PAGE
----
When You Can’t See Beyond Yourself…

Sorry I’ve been remiss in posting here. I promised myself I’d only do so when I felt inspired. Blogging in lieu of therapy shouldn’t be an obligation, I decided, so I only post when something is really eating at me.

My daughter is going to be a year old on Monday.

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Image Source: fraencko

As you can imagine, this brings up many feelings, joy and pride being the first and foremost on the list. But lingering there just beneath the surface are other emotions I’d rather not have to deal with, but there they are nonetheless.

Regret. Sadness. Anger. Resentment. 

I talked to my mom briefly a few days ago. She didn’t have much to say. Those who know me know she barely ever talks to me anymore. She tries to play nice but I can tell she’s sort of tired of trying. She’s aware I know she’s full of shit most of the time and that she can’t get away with her little games with me. So it’s best that she doesn’t talk to me, I suppose. Maybe she’s afraid I’d call her out on it?

In any case, we spoke for a few minutes because my dad was asleep and she picked up the phone. She asked how my daughter was in passing. Didn’t ask for details. Don’t grandmas want to know if their grandchildren are walking and talking yet? (She is.) But she didn’t even ask. She only had the breath to tell me how she isn’t feeling well (what’s new) and that she’s having such a hard time (cry me a river). She has insurance and won’t use it. If I was about 10 years younger, I’d scream and yell, beg and plead with her to go to the doctor. I don’t have it in me anymore. She wants to be sick? Go ahead and be sick. It’s not my problem.

She asked me how I was because that’s what you do when you have a conversation. I said I was okay. That we were working hard and barely paying the bills, but you know, we were hanging in there. Her response? “I sowwy.”

I shit you not.

She can’t even speak to me like a real fucking adult. She has to trivialize it. Make it cute. Because I don’t think she’s ever dealt with a real goddamned emotion in her entire adult life.

I read somewhere–probably in the comments on this blog–that hoarding must be a form of narcissism. Or at the very least, tied inextricably to narcissistic personality disorder. I believe it. My mom doesn’t have room in her brain for anything other than herself.

And you know what? It hurts! Whenever I hear people on TV talk about how having a child made them grow so much closer to their mothers, I want to cry. It hurts. She’s robbing me of that experience. My mother-in-law has stepped up and been massively supportive, but you know, nothing could replace that bond, that moment of understanding with my own mom. And I’ll never have that.

I guess what I’m trying to say is it’s not fair.

And I’m tired of getting upset and feeling tears brim at the corner of my eyes because of another person’s actions. When will I let go of it? When will I be set free from the madness?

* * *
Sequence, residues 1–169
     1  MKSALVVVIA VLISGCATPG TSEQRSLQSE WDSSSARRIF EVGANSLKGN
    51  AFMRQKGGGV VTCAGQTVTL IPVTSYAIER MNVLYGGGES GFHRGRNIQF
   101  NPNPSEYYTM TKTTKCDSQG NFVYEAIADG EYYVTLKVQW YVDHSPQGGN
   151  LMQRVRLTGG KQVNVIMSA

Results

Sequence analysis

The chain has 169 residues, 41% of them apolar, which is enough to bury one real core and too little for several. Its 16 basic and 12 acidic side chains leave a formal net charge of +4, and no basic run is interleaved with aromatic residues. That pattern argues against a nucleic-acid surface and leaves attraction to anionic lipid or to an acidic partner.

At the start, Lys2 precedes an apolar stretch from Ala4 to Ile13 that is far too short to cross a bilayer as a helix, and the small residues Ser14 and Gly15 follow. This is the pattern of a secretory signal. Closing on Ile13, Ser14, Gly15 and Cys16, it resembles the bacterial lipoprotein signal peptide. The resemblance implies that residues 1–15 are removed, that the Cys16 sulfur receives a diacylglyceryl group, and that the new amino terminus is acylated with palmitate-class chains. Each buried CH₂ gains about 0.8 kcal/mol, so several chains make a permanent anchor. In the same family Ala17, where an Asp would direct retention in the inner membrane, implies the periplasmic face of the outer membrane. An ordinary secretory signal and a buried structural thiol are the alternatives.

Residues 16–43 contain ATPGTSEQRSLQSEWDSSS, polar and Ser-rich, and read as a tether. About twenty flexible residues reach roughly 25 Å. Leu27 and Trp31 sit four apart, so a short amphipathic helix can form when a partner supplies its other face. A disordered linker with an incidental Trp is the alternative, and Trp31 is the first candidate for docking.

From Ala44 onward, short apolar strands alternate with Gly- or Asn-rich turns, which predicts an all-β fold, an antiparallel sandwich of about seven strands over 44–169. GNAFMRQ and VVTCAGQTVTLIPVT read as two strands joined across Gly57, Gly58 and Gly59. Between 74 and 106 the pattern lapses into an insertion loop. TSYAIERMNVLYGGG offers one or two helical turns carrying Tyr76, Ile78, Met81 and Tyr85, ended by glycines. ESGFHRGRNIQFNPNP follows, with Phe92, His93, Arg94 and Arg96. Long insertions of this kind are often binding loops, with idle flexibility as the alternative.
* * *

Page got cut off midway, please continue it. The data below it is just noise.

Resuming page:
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6 thoughts on “When You Can’t See Beyond Yourself…

  1. Laurie V

    Love you Bren. I know you are trying to let go and you will, but it a slow process and sometimes even when you are feeling better it will jump and grab you by the throat. I’m so sorry you have to go through this.

    1. Thank you, Laurie. It’s tough. I am a lot better nowadays but like you said, sometimes something will happen (or more often than not, I’m reminded of what I *don’t* have) and that sets me off a bit. *sigh* I’ll get past this one day. But it’s a day-by-day struggle at this point.

  2. My mother wasn’t a hoarder, but she had some of the same personality traits as a “typical” hoarder (the manipulative nature, the narcissism, the past trauma…) so I have some idea of what you’re talking about. In my Mom’s case I really think she did the very best she could for my siblings and I, but sadly, I don’t think I ever *really* forgave her her shortcomings until after she died.

    I hope you find closure, or peace, or release sooner than that.

      1. Jenny Islander

        I think that forgiving a toxic parent is often good for a person. I mean forgiveness in the sense of no longer expecting payment of what is owed, not the toxic meaning of pretending that nothing bad ever happened. But forgiving our toxic parents may not be possible until they’re not around to pick at us anymore.

      2. That’s so true, especially, “no longer expecting payment of what is owed.” I should let that go. I really should. I guess i’m envious of those who have “normal” families. That makes it hard to shake. I would like to be able to forgive them while they’re still living but I suspect you’re right: the distance of time and the lack of “picking” is likely one of the only things that will allow me to let go of the effect they have on me.

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